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J Cereb Blood Flow Metab. 2002 Sep;22(9):1090-7.

Grey matter and white matter ischemic damage is reduced by the competitive AMPA receptor antagonist, SPD 502.

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Wellcome Surgical Institute and Hugh Fraser Neuroscience Laboratories, University of Glasgow, UK.


Protection of both grey and white matter is important for improvement in stroke outcome. In the present study the ability of a competitive alpha-amino-3-hydroxy-5-methyl-4-isoxazole propionic acid (AMPA) antagonist to protect axons, oligodendrocytes, and neuronal perikarya, was examined in a rodent model of transient focal cerebral ischemia. SPD 502 (8-methyl-5-(4-( -dimethylsulfamoyl)phenyl)-6,7,8,9-tetrahydro-1H-pyrrolo[3,2h]-isoquinoline-2,3-dione-3-o(4-hydroxybutyricacid-2-yl)oxime) was administered as an intravenous bolus (16 mg/kg) 15 minutes before transient (3-hour) middle cerebral artery (MCA) occlusion, followed by an intravenous infusion (16 mg kg(-1) hr(-1)) of the drug for 4 hours. Twenty-one hours after ischemia, axonal damage was reduced by 45% (P = 0.006) in the SPD 502-treated group compared with the vehicle. The anatomic extent of ischemically damaged oligodendrocytes, determined by Tau1 immunoreactivity, was reduced in the cerebral cortex by 53% (P = 0.024) in SPD 502-treated rats compared with vehicle-treated rats, but there was minimal effect in the subcortex. The volume of neuronal perikaryal damage after MCA occlusion was significantly reduced by SPD 502 in the cerebral cortex (by 68%; P = 0.005), but there was minimal change in the subcortex with drug treatment. The AMPA receptor antagonist significantly reduced the anatomic extent of lipid peroxidation (assessed as the volume of 4-hydroxynonenol immunoreactivity), and this may have contributed to its ability to protect multiple cell types in ischemia. The data demonstrate that AMPA blockade protects both grey and white matter from damage induced by transient focal ischemia.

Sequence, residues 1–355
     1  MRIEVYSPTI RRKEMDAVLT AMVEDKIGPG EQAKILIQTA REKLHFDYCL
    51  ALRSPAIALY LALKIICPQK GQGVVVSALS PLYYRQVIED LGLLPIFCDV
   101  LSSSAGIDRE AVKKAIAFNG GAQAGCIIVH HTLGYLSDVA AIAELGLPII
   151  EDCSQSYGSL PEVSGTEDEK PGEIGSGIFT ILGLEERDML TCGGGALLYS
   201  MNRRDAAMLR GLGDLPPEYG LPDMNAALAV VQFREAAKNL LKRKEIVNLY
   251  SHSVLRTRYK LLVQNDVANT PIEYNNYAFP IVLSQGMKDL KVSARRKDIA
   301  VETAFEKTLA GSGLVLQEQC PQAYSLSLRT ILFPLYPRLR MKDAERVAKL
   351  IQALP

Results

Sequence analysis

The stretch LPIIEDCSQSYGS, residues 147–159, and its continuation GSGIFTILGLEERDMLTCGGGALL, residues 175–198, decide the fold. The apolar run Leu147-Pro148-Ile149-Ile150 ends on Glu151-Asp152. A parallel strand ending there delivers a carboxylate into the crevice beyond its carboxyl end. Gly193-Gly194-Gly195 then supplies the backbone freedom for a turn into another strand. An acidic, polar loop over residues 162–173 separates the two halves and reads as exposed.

[Indexed for MEDLINE]

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